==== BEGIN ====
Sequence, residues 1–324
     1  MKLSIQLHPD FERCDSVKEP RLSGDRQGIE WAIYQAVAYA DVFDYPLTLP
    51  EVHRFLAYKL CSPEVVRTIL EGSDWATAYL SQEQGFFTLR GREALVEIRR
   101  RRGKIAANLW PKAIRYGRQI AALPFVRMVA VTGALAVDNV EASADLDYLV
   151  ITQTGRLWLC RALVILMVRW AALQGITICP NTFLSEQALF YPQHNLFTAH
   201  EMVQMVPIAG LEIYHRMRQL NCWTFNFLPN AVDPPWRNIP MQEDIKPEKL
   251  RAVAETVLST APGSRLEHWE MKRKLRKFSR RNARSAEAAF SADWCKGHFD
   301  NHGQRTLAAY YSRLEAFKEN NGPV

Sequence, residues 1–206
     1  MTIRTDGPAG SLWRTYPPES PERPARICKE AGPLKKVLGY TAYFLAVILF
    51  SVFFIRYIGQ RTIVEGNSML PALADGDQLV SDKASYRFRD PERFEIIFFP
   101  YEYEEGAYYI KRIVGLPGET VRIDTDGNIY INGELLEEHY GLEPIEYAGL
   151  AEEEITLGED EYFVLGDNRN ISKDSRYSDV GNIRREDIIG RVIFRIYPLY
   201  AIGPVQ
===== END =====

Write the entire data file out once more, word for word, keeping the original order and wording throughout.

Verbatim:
Sequence, residues 1–324
     1  MKLSIQLHPD FERCDSVKEP RLSGDRQGIE WAIYQAVAYA DVFDYPLTLP
    51  EVHRFLAYKL CSPEVVRTIL EGSDWATAYL SQEQGFFTLR GREALVEIRR
   101  RRGKIAANLW PKAIRYGRQI AALPFVRMVA VTGALAVDNV EASADLDYLV
   151  ITQTGRLWLC RALVILMVRW AALQGITICP NTFLSEQALF YPQHNLFTAH
   201  EMVQMVPIAG LEIYHRMRQL NCWTFNFLPN AVDPPWRNIP MQEDIKPEKL
   251  RAVAETVLST APGSRLEHWE MKRKLRKFSR RNARSAEAAF SADWCKGHFD
   301  NHGQRTLAAY YSRLEAFKEN NGPV

Sequence, residues 1–206
     1  MTIRTDGPAG SLWRTYPPES PERPARICKE AGPLKKVLGY TAYFLAVILF
    51  SVFFIRYIGQ RTIVEGNSML PALADGDQLV SDKASYRFRD PERFEIIFFP
   101  YEYEEGAYYI KRIVGLPGET VRIDTDGNIY INGELLEEHY GLEPIEYAGL
   151  AEEEITLGED EYFVLGDNRN ISKDSRYSDV GNIRREDIIG RVIFRIYPLY
   201  AIGPVQ